This is something I implemented on a Blackfin system (Blackfin is a DSP architecture that runs the Linux kernel), which can enter suspend and get out of suspend in about 3-4 milliseconds.
So I modified the idle loop of the kernel so that if the next timer expiration event is enough far away in the future (say, 20 or 30ms), then I program the RTC to wake-up a few milliseconds before the scheduled expiration and then enter suspend. When I come back from suspend, I tweak the clocksource to make the system think that the time has continued to pass while the system was suspended, which has the effect of rescheduling the timer events so that the interrupt fires at the correct expected date, as if the system didn't enter suspend. It has been checked with an external scope that looks at GPIO toggling triggered by userspace Linux timers *and* the CPU voltage, and the frequency of the GPIO toggling was correct, and the CPU was completely off during the waiting periods.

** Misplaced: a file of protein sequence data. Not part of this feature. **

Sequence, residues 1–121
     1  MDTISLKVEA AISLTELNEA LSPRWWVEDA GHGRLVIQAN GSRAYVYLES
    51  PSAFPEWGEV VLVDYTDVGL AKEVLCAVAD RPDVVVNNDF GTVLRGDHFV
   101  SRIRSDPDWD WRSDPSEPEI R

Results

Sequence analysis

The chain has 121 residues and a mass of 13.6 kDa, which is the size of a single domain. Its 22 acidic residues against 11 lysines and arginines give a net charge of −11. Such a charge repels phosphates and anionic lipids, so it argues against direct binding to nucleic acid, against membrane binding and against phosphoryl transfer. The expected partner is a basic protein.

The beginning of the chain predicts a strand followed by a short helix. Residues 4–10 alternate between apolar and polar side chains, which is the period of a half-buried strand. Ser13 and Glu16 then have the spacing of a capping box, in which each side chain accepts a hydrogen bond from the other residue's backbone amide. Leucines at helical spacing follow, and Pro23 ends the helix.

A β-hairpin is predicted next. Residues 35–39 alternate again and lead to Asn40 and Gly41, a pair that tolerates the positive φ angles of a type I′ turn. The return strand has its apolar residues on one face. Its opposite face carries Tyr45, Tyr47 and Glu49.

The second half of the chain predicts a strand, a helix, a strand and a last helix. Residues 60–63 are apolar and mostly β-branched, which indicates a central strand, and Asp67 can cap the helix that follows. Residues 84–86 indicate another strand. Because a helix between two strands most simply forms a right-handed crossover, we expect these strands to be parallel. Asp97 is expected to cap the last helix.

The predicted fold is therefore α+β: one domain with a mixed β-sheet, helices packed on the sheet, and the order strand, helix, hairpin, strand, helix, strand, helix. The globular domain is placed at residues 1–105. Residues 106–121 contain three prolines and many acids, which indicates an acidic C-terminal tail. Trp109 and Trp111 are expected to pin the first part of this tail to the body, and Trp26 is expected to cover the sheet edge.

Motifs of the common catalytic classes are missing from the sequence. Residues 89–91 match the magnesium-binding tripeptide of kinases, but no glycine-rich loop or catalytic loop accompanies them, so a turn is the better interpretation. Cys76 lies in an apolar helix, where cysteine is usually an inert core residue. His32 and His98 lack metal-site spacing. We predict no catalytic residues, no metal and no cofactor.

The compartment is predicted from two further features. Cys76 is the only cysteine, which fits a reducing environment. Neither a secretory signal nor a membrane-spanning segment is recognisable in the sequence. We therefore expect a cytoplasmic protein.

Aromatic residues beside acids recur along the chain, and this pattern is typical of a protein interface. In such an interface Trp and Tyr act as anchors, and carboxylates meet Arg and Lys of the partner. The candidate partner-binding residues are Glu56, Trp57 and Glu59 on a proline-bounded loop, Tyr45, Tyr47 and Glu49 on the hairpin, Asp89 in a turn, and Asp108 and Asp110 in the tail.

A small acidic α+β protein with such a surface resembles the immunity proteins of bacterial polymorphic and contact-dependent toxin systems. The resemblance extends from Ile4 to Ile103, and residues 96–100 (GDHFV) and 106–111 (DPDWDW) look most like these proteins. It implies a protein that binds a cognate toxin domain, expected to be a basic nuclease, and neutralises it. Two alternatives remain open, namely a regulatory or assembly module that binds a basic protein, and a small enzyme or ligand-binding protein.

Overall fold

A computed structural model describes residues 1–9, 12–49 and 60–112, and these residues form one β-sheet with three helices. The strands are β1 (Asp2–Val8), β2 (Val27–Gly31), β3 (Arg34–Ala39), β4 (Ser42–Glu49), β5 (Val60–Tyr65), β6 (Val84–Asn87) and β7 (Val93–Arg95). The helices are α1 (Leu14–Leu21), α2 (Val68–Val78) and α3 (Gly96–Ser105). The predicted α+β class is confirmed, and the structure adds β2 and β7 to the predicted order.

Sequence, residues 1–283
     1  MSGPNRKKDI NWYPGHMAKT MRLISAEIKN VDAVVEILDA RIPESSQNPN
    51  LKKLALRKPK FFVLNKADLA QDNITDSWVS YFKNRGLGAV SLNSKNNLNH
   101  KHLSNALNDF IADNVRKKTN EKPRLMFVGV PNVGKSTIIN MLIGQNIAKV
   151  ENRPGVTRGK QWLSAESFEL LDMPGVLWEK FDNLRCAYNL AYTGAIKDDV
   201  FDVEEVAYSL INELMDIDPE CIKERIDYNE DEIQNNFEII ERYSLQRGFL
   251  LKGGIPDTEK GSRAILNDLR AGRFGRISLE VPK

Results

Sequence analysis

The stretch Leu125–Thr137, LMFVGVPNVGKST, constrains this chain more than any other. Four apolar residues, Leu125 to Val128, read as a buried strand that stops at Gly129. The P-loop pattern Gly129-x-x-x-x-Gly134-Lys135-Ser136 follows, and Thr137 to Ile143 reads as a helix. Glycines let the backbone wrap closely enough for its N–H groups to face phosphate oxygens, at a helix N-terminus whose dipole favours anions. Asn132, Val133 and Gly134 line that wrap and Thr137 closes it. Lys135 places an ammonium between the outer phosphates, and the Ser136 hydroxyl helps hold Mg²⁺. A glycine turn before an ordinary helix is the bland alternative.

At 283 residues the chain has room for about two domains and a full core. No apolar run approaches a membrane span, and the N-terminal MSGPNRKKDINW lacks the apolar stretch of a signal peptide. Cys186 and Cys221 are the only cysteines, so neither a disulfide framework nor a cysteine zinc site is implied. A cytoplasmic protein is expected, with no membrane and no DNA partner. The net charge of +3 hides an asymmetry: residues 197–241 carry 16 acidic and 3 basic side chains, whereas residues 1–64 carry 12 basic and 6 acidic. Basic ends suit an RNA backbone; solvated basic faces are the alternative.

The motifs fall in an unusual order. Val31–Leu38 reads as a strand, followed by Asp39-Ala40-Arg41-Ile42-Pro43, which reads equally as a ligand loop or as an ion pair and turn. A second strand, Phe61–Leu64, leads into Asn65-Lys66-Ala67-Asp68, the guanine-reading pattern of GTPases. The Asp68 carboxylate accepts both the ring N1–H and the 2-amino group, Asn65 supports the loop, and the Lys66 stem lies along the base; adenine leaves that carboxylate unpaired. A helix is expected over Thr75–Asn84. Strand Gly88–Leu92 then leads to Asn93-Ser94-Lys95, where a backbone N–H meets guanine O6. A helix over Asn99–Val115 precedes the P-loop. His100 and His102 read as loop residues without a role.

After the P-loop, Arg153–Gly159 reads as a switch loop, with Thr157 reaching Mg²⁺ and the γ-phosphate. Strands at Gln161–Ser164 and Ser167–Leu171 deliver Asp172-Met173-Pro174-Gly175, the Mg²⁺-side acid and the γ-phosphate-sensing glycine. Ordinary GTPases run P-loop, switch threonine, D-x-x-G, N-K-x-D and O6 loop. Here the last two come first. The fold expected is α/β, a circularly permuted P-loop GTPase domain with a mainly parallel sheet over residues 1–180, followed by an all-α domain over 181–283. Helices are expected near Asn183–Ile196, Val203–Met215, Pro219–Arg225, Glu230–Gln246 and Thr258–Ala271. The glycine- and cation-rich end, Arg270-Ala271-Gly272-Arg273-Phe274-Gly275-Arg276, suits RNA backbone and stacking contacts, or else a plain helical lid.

I feel that suspend and idle are considered as two very separate things by many kernel developers, because on x86, suspend is such a slow operation that it can only be started explicitly by the user. But on many embedded architectures, suspend can just be a specific type of idle state.